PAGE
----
Harvard | Mr. FBI To MBB
GMAT 710, GPA 3.85
Stanford GSB | Mr. Two Job
GRE 330 GRE, GPA 3.63
Tuck | Mr. Infantry Officer To MBA
GRE 314, GPA 3.4
Darden | Mr. Program Manager
GRE 324, GPA 3.74
Tuck | Mr. Smart Cities
GRE 325, GPA 3.5
Berkeley Haas | Mr. Biz Human Rights
GRE 710, GPA 8/10
Harvard | Mr. Food Tech Start Ups
GMAT 720, GPA 3.5
Harvard | Mr. The Builder
GMAT 740, GPA 4.0
Harvard | Mr. International Oil
GMAT 710, GPA 3.7
Chicago Booth | Mr. Overrepresented Indian Engineer
GMAT 740, GPA 8.78/10
Harvard | Mr. Consulting To Emerging Markets Banking
GRE 130, GPA 3.6 equivalent
Harvard | Mr. Comeback Kid
GMAT 770, GPA 2.8
Stanford GSB | Mr. Greek Taverna
GMAT 730, GPA 7.03/10
Harvard | Ms. Biotech Ops
GMAT 770, GPA 3.53
NYU Stern | Mr. Development
GMAT 690, GPA 2.5
Chicago Booth | Mr. Energy Operations
GRE 330, GPA 3.85
Harvard | Mr. Big 4 To Healthcare Reformer
GRE 338, GPA 4.0 (1st Class Honours - UK - Deans List)
Wharton | Mr. Steelmaker To Consultant
GMAT 760, GPA 3.04/4.0
Duke Fuqua | Mr. Indian Quant
GMAT 745, GPA 9.6 out of 10
Stanford GSB | Mr. Food & Education Entrepreneur
GMAT 720, GPA 4.0
Harvard | Ms. Gay Engineer
GMAT 730, GPA 3.6
Harvard | Mr. Lieutenant To Consultant
GMAT 760, GPA 3.7
Duke Fuqua | Mr. IB Back Office To Front Office/Consulting
GMAT 640, GPA 2.8
Rice Business | Mr. Future Energy Consultant
GRE Received a GRE Waiver, GPA 3.3
Berkeley Haas | Mr. Campaigns To Business
GMAT 750, GPA 3.19
MIT Sloan | Mr. Special Forces
GMAT 720, GPA 3.82
Columbia | Mr. Fingers Crossed
GMAT 730, GPA 3.2

Will You Get Off The MBA Waitlist?


Five years ago, I wrote a blog about why people really get waitlisted. I have also discussed mistakes, and how to get off the MBA waitlist. However, even armed with information, it can be hard to calculate your odds of getting admitted. Here is some further insight into the MBA waitlist, and some clues about whether you will get in.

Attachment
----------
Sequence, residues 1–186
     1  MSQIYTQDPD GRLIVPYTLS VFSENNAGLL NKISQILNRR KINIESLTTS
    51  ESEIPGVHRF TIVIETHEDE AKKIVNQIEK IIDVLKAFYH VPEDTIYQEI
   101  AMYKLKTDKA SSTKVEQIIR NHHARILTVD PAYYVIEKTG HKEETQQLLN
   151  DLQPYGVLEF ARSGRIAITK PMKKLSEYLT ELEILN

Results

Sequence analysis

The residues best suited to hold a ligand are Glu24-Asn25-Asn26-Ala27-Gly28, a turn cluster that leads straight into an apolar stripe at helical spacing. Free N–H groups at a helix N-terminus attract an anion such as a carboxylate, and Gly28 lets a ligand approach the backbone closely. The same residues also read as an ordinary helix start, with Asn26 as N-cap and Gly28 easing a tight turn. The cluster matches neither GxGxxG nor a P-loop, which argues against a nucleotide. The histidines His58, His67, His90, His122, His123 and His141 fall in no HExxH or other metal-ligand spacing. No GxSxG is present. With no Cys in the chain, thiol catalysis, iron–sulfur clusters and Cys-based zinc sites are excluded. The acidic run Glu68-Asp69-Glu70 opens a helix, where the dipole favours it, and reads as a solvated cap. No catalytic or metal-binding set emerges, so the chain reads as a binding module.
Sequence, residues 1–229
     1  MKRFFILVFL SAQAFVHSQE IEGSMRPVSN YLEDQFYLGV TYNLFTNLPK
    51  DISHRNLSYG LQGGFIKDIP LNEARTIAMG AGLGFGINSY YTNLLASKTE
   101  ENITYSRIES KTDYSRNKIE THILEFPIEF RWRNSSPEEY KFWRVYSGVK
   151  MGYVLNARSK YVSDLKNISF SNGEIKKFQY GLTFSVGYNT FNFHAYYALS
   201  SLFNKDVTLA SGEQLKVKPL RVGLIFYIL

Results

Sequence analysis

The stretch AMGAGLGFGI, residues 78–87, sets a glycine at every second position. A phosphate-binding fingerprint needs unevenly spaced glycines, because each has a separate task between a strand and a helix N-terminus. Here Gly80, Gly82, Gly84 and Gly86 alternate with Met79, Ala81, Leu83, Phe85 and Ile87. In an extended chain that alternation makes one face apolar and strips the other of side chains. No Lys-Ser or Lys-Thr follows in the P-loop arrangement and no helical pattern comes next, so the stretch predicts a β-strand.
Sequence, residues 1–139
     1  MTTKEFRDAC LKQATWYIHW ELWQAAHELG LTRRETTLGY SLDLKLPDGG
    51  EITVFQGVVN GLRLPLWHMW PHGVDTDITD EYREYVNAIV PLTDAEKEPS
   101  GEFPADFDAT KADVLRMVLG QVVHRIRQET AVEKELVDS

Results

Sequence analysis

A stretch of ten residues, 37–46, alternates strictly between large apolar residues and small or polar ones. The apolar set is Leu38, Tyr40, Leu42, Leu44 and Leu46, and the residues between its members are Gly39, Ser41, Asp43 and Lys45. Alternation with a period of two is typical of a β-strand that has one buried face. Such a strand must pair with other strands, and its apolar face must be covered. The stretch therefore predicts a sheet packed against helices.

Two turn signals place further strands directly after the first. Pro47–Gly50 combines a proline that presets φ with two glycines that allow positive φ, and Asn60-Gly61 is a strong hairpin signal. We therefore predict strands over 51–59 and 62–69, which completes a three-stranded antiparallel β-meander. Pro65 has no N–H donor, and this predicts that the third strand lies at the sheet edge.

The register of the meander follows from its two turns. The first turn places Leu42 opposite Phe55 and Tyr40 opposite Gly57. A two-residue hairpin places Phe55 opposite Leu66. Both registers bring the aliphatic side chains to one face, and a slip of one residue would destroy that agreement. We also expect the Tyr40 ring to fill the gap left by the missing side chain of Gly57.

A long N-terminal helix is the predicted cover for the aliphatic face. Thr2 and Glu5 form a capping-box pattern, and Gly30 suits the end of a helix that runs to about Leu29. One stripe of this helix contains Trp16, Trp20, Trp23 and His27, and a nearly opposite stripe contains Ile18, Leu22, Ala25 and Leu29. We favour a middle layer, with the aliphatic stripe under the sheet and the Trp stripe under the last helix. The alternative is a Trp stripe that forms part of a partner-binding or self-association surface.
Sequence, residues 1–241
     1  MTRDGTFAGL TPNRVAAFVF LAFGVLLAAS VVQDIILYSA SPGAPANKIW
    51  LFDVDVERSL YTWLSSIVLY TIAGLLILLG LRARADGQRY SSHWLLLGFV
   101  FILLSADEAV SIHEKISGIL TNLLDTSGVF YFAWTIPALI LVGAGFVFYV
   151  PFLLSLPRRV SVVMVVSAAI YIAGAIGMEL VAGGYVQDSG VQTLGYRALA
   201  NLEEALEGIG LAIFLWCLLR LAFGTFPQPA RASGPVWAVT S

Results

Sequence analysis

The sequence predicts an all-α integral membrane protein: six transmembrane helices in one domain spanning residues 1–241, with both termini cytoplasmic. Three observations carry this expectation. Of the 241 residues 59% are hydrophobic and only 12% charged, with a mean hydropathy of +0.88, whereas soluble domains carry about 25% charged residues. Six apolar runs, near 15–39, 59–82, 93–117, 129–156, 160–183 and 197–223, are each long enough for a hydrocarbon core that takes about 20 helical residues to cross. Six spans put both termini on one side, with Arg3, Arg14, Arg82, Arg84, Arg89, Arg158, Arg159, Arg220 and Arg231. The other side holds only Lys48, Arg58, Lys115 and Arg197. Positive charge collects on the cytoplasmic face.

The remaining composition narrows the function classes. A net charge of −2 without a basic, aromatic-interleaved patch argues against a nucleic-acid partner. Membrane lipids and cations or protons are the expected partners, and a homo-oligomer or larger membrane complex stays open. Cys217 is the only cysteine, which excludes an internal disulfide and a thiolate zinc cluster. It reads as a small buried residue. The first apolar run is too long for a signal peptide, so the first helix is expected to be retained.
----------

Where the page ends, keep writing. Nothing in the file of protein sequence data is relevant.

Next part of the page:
• Is your test score low?

How low? Like, 100+points below the school’s average? If so, and if you are unwilling to retake the exam or just unable to raise your score, you aren’t super likely to get in.

  • Did you apply 3rd round?

If so, your odds are also somewhat lower. Schools like to see sustained interest, and there is a psychological bias towards candidates who apply earlier in the process. (If you don’t articulate a really good reason for applying third round schools jump to their own conclusions – like that you don’t have it together, or that you aren’t really interested in their program.) 3rd round candidates are fighting against all of these factors.

  • Did you interview?

If you were waitlisted without an interview you are somewhat disadvantaged, since the committee has a more complete picture of some of your fellow waitlisters. Also, if you are on the MBA waitlist at a school that offers open interviews that you didn’t schedule, you have also missed the opportunity to telegraph strong interest. Either way, if you are waitlisted and a school invites you to interview, jump on the offer. And, as always, go in person if you can.

  • Is this a reach school?

Are you waitlisted at a school that was a stretch, especially numerically? (Meaning that your grades and test scores are well below the average.) Also, is this a school with a particularly high yield rate? If so, your odds of admission are obviously lower.

  • Are you unusual?

Do you offer something unusual that the school values? (A super high GPA or test score, an important special interest connection, membership in a demographic that’s hard to yield?) If so, you are more likely to get a last-minute offer to join the class.

Karen has more than 12 years of experience evaluating candidates for admission to Dartmouth College and to the Tuck School of Business at Dartmouth. Since founding North Star Admissions Consulting in 2012, she has helped applicants gain admission to the nation’s top schools, including Stanford, Harvard, Yale, Wharton, MIT, Tuck, Columbia, Kellogg, Booth, Haas, Duke, Johnson, Ross, NYU, UNC, UCLA, Georgetown and more. Clients have been awarded more than 19.6 million dollars in scholarships, and more than 96% have gotten into one of their top choice schools.